The relative expression profiles of the markers selected for the secondary screen are shown in Fig. 1. As the data indicate, all markers are expressed in positive LNs as well as in primary tumors, indicating that metastatic tumor cells continue to express these genes. Of the 6 markers analyzed, all except CK19 provided perfect classification of positive and benign LNs with 100% sensitivity and 100% specificity. CK19 had poor sensitivity (83.3%) because of relatively high background in benign LNs (Table 1). Although our primer design for CK19 does not avoid the known CK19 pseudogenes, all samples were DNase-treated, and "no-reverse transcriptase" controls were consistently negative, indicating that the background expression observed was not a result of contaminating DNA. On the basis of expression results in positive nodes and distribution of expression in benign nodes, TACSTD1 expression was, at a minimum, 595-fold higher in positive nodes than the highest expression in benign nodes. Expression of the existing markers, CEA and CK20, was 474-and 48-fold higher, respectively, in positive nodes than in benign nodes. Expression of CDX1 and VIL1 was relatively low in positive nodes compared with other markers, but the expression rates were 96- and 29-fold higher, respectively, than in benign nodes.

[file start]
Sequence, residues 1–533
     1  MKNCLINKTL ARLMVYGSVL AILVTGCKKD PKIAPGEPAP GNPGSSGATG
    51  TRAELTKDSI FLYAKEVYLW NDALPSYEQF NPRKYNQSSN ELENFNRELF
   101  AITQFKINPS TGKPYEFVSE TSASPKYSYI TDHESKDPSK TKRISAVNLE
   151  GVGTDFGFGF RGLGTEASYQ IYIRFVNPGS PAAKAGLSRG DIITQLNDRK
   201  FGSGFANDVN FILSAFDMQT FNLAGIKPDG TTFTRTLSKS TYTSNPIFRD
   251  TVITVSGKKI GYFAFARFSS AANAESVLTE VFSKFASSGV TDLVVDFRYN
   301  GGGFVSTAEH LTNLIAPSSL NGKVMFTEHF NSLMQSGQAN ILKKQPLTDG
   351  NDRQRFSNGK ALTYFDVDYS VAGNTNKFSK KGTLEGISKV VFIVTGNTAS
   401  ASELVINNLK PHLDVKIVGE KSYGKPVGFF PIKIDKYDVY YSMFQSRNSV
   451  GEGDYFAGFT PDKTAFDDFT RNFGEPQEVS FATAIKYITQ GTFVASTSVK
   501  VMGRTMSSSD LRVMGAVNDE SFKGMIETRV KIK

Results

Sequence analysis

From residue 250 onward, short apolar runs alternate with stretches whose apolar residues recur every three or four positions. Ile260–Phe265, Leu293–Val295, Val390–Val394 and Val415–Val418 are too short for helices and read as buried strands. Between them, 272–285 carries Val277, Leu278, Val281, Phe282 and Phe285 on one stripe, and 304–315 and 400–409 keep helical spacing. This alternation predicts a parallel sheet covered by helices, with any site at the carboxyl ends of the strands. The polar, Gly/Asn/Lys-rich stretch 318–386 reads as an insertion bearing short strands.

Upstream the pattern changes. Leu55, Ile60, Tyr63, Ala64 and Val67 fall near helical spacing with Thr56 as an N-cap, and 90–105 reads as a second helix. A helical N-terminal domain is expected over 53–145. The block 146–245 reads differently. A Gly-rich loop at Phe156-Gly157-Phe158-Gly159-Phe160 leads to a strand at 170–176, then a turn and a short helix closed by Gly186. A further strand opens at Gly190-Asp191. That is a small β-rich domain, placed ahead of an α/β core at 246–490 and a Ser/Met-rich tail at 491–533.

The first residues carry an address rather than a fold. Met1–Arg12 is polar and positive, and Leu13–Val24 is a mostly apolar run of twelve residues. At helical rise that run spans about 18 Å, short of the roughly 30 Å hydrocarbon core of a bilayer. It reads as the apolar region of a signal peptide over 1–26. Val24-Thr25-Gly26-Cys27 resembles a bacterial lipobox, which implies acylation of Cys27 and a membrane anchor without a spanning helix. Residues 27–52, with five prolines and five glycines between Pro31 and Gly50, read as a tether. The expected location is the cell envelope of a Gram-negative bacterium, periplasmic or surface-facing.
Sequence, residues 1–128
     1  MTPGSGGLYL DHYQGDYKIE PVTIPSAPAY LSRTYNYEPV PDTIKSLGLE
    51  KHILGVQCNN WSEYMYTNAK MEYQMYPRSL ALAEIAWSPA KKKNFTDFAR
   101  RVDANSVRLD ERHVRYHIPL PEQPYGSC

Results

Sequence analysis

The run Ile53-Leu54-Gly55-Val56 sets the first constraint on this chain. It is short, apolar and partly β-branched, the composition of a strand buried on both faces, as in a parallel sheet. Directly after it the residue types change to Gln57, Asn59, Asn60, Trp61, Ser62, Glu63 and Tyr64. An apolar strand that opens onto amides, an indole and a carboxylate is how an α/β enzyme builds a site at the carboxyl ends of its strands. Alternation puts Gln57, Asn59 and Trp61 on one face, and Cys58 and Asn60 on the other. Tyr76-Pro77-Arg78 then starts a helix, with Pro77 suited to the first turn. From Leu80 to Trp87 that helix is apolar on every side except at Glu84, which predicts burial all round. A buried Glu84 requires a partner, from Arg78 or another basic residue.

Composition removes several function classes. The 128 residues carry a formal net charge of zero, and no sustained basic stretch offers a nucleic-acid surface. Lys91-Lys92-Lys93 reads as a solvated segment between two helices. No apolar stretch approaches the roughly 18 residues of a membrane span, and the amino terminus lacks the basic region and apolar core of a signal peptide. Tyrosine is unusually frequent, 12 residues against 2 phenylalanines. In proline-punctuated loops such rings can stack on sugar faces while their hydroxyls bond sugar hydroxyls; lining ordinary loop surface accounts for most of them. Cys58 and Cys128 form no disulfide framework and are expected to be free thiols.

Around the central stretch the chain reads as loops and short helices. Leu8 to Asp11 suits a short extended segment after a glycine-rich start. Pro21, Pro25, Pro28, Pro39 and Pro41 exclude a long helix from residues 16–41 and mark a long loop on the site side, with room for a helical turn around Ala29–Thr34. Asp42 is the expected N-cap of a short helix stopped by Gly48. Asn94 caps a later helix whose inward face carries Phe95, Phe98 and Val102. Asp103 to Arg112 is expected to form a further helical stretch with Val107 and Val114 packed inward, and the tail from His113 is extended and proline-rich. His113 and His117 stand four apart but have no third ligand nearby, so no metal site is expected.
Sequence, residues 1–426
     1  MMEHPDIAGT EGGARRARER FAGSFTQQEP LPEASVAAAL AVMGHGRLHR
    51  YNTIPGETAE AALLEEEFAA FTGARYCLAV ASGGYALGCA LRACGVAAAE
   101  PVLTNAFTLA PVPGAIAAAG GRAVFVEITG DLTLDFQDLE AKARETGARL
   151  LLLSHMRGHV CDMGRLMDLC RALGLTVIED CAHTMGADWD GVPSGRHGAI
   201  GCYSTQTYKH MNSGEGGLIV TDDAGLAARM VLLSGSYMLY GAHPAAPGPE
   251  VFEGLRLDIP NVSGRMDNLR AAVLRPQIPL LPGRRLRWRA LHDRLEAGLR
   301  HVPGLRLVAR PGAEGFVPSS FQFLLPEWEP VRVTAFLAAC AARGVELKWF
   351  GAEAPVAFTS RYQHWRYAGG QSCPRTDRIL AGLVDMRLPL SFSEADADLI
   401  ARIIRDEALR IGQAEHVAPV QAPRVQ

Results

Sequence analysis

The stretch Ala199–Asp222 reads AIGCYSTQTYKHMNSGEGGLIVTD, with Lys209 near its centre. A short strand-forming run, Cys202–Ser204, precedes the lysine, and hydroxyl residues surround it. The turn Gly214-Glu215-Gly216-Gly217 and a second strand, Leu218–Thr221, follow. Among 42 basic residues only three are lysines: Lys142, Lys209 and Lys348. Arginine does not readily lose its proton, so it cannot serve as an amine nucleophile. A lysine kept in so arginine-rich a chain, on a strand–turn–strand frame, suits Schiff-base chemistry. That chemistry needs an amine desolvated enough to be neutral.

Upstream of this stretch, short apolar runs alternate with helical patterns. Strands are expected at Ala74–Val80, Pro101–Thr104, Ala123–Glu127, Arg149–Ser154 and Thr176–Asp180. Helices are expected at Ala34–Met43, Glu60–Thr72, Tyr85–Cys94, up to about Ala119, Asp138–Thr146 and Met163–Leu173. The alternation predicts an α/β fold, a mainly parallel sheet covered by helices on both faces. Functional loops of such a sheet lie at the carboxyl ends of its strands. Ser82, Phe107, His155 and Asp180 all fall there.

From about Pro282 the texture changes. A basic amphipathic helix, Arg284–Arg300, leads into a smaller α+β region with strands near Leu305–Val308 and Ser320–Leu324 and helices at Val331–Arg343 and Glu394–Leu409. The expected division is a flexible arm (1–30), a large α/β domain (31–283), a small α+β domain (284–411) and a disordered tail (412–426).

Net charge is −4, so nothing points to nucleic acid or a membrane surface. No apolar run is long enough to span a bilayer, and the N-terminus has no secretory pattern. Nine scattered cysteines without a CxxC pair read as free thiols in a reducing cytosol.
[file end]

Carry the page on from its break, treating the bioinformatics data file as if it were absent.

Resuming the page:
Despite promising data from the literature or gene expression databases, we found that the expression characteristics of most of the 43 marker genes evaluated in the primary screen were not suitable for use in CRC. Most had either very low or infrequent expression in the neoplasms, or they had relatively high expression in healthy or benign LNs. We were, however, able to identify 6 markers that we believed had good potential for identification of CRC in LNs. These markers (CEA, CK19, CDX1, CK20, TACSTD1, and VIL1) are mostly epithelial-cell related markers that have absent or low expression in healthy LNs. TACSDT1, CDX1, and VIL1 have not been reported previously for use in detection of CRC metastases in LNs.

[FIGURE 1 OMITTED]

TACSTD1, also known as EPCAM, KS1/4, GA-733-2, and MIC-18, is a human cell surface antigen that is detected by the monoclonal antibodies AUAI and BerEp4, and it has been used in several studies to detect LN micrometastases in a variety of tumor types via both IHC and RT-PCR (19-21). Although TACSTD1 was expressed at easily detectable concentrations in all positive LNs in our study, it was very highly and consistently expressed in CRC samples. As with CEA, high expression of TACSTD1 in tumors facilitates the identification of even small amounts of metastatic tumor in LNs when a quantitative assay is used.